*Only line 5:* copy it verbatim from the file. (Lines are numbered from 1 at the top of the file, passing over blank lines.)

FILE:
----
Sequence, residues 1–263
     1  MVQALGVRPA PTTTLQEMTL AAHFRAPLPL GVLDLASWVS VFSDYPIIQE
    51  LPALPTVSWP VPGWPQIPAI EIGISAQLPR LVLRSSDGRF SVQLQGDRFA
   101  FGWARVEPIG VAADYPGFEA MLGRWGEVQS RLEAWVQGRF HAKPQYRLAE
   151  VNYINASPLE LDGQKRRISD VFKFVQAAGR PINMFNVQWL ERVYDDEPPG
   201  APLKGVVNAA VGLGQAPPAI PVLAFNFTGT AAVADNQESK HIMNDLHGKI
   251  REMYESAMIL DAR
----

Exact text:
   151  VNYINASPLE LDGQKRRISD VFKFVQAAGR PINMFNVQWL ERVYDDEPPG